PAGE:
By Dina ElBoghdady
Washington Post Staff Writer
Wednesday, December 30, 2009; A08
Consumers are feeling a little better about the economy but home prices are flattening out after an unexpected rebound in the spring and summer, according to two closely watched reports released on Tuesday.
A monthly survey by the Conference Board, a private research group, found that consumer confidence picked up slightly in December after rising in November, but still remains at a weak level. The results largely capture consumer attitudes about the labor market.
Meanwhile, the Standard & Poor's/Case-Shiller home-price index, which tracks sales in 20 major metropolitan areas, showed that prices of single-family homes were largely flat in October compared with September.
The housing market's decline in recent years has helped undermine consumer confidence and cripple the economy. Reinvigorating the housing sector and boosting confidence are considered key components to revitalizing the economy, economists say. As people feel more secure about jobs, they are likely to spend more money on goods and services, including big-ticket items such as homes.
The reports released Tuesday seem to be pointing in the same direction.
"While consumer confidence is improving, it's still a little shaky, so consumers are not out there rushing to buy," said Joel L. Naroff, an economist with Naroff Economic Advisors. "They're out there tentatively, and that is reflected in the housing numbers, too."
Earlier this year, the biggest concern among many economists was that home prices would decline unabated. By late spring and into the summer, prices rebounded unexpectedly before tapering off in September and then flattening out in October on a non-seasonally-adjusted basis, according to the Case-Shiller price index. On a seasonally adjusted basis, prices rose 0.4 percent.
The index measures repeat sales of homes in the 20 top metro areas and reflects a rolling three-month average, so that the October data capture sales in August and September as well.
Non-seasonally adjusted prices rose in only seven metro areas: Detroit, Los Angeles, Phoenix, Portland, San Diego, San Francisco and Seattle. Prices were up more than 1 percent in Phoenix and San Francisco.
The steepest month-to-month declines were in Tampa (down 1.6 percent) and Chicago and Atlanta (both down 1 percent.) In the Washington area, prices were down 0.4 percent.
Compared with a year ago, prices in October were down nationally 7.3 percent. The largest year-over-year drop was in Las Vegas, where prices plunged 26.6 percent. In the Washington area, prices were down 2.8 percent.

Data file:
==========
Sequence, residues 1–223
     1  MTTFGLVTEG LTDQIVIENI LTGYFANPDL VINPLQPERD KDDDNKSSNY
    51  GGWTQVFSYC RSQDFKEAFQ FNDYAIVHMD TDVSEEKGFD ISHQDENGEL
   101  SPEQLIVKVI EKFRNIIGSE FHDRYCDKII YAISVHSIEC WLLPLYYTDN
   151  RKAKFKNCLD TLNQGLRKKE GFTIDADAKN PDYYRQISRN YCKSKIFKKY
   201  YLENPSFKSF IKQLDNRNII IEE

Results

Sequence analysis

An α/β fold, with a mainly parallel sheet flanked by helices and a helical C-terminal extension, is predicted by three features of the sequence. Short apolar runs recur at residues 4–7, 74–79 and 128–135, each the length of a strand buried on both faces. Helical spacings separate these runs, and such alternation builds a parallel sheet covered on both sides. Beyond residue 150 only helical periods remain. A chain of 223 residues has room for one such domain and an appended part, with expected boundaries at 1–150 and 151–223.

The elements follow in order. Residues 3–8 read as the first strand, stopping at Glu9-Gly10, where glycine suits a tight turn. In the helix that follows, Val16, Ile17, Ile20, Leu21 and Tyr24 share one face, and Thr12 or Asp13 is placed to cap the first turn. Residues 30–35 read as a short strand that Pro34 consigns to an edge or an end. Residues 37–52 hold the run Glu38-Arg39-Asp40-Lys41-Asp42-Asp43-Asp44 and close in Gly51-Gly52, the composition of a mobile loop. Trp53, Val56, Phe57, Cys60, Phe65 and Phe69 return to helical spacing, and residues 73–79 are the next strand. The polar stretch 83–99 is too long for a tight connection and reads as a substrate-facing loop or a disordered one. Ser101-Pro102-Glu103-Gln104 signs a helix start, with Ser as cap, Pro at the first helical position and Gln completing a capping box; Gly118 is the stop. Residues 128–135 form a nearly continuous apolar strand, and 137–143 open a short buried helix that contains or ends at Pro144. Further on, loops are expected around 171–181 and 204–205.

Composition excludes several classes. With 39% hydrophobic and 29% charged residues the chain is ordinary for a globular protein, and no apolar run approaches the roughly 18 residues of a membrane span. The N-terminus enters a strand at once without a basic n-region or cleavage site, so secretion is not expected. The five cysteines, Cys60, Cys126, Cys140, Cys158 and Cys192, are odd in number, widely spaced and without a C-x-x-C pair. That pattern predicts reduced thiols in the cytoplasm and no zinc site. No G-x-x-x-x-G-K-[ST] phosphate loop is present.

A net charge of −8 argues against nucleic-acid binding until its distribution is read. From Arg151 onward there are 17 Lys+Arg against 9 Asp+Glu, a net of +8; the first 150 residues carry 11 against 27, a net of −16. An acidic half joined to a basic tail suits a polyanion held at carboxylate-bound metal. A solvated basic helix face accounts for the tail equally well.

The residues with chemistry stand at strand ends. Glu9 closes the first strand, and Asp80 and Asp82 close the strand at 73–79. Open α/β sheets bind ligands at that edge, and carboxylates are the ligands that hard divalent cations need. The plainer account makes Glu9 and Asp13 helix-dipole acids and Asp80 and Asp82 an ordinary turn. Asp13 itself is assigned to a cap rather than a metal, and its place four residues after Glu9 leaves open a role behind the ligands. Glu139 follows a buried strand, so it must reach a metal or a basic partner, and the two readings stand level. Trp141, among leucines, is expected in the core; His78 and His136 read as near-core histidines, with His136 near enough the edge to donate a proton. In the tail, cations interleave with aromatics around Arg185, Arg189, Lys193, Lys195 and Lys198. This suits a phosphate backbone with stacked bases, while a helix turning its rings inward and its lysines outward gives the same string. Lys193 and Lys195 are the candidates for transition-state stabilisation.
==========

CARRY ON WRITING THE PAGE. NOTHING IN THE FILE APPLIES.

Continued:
"We're not seeing a great deal of recovery in home prices," said Mark Vitner, senior economist at Wells Fargo. "What may happen is that prices will plow along the bottom for a year or two."Programs' effects
The federal government has attempted to energize the housing sector by enacting a temporary tax credit on home sales that was recently extended through April. The Federal Reserve has also rolled out initiatives that have pushed down interest rates.
These programs appear to have stimulated sales and stabilized home prices to some degree. The Case-Shiller index had climbed for five consecutive months prior to October.
But Vitner said he's concerned that the federal intervention, including efforts that encourage lenders to modify mortgages, "have distorted prices somewhat and put off harsh adjustments that will be necessary for housing prices to find a bottom."
The consumer confidence survey number does not integrate attitudes about the housing market. But it does ask consumers if they plan to buy a home within the next six months, and the response remains at a relatively low level.
In Tuesday's report, consumer confidence rose to 52.9, up from 50.6 in November, largely driven by optimistic expectations for business and labor market conditions. The result is far better than this year's low of 25.3 in February. But it is well below 90, which signifies a healthy economy. It is also short of the August and September results.
"The index does not suggest that consumer confidence is high, but it's better than it was the previous couple of months when it wasn't very good at all," said Thomas Lawler, an economist. "I don't think the consumer confidence index is an oh-my-God- everyone-feels-good-now."
The index reveals a split in how consumers view current economic conditions and future expectations. Consumers rate current conditions as the worst since February 1983. By contrast, future expectations have risen for the past two months to their highest level since December 2007.
"If you look back at economic recoveries, consumer confidence bottoms out after the recession has ended," Vitner said. "Consumers sometimes are late in realizing that a recession has ended."